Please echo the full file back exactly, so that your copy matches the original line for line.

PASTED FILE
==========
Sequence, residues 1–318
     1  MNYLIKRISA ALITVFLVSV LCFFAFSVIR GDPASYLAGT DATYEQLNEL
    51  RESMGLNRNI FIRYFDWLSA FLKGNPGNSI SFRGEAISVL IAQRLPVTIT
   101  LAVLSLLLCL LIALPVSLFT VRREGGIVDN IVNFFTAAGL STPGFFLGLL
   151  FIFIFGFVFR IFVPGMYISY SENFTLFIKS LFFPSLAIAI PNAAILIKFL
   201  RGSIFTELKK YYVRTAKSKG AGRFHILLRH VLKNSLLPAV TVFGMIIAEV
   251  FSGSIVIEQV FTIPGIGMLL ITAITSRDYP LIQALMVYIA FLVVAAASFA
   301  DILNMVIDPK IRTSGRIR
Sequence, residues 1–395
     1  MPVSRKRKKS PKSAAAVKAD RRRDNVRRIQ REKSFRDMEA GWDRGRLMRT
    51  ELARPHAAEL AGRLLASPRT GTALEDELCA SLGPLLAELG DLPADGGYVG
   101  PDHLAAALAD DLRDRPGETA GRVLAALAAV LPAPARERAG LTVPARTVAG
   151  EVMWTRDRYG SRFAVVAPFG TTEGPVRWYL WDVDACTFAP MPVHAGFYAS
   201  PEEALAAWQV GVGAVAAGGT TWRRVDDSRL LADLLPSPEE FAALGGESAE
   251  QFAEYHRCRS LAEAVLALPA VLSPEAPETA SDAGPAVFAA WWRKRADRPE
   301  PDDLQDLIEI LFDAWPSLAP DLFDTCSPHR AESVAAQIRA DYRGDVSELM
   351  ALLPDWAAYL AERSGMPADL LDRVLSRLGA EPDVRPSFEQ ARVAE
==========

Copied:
Sequence, residues 1–318
     1  MNYLIKRISA ALITVFLVSV LCFFAFSVIR GDPASYLAGT DATYEQLNEL
    51  RESMGLNRNI FIRYFDWLSA FLKGNPGNSI SFRGEAISVL IAQRLPVTIT
   101  LAVLSLLLCL LIALPVSLFT VRREGGIVDN IVNFFTAAGL STPGFFLGLL
   151  FIFIFGFVFR IFVPGMYISY SENFTLFIKS LFFPSLAIAI PNAAILIKFL
   201  RGSIFTELKK YYVRTAKSKG AGRFHILLRH VLKNSLLPAV TVFGMIIAEV
   251  FSGSIVIEQV FTIPGIGMLL ITAITSRDYP LIQALMVYIA FLVVAAASFA
   301  DILNMVIDPK IRTSGRIR
Sequence, residues 1–395
     1  MPVSRKRKKS PKSAAAVKAD RRRDNVRRIQ REKSFRDMEA GWDRGRLMRT
    51  ELARPHAAEL AGRLLASPRT GTALEDELCA SLGPLLAELG DLPADGGYVG
   101  PDHLAAALAD DLRDRPGETA GRVLAALAAV LPAPARERAG LTVPARTVAG
   151  EVMWTRDRYG SRFAVVAPFG TTEGPVRWYL WDVDACTFAP MPVHAGFYAS
   201  PEEALAAWQV GVGAVAAGGT TWRRVDDSRL LADLLPSPEE FAALGGESAE
   251  QFAEYHRCRS LAEAVLALPA VLSPEAPETA SDAGPAVFAA WWRKRADRPE
   301  PDDLQDLIEI LFDAWPSLAP DLFDTCSPHR AESVAAQIRA DYRGDVSELM
   351  ALLPDWAAYL AERSGMPADL LDRVLSRLGA EPDVRPSFEQ ARVAE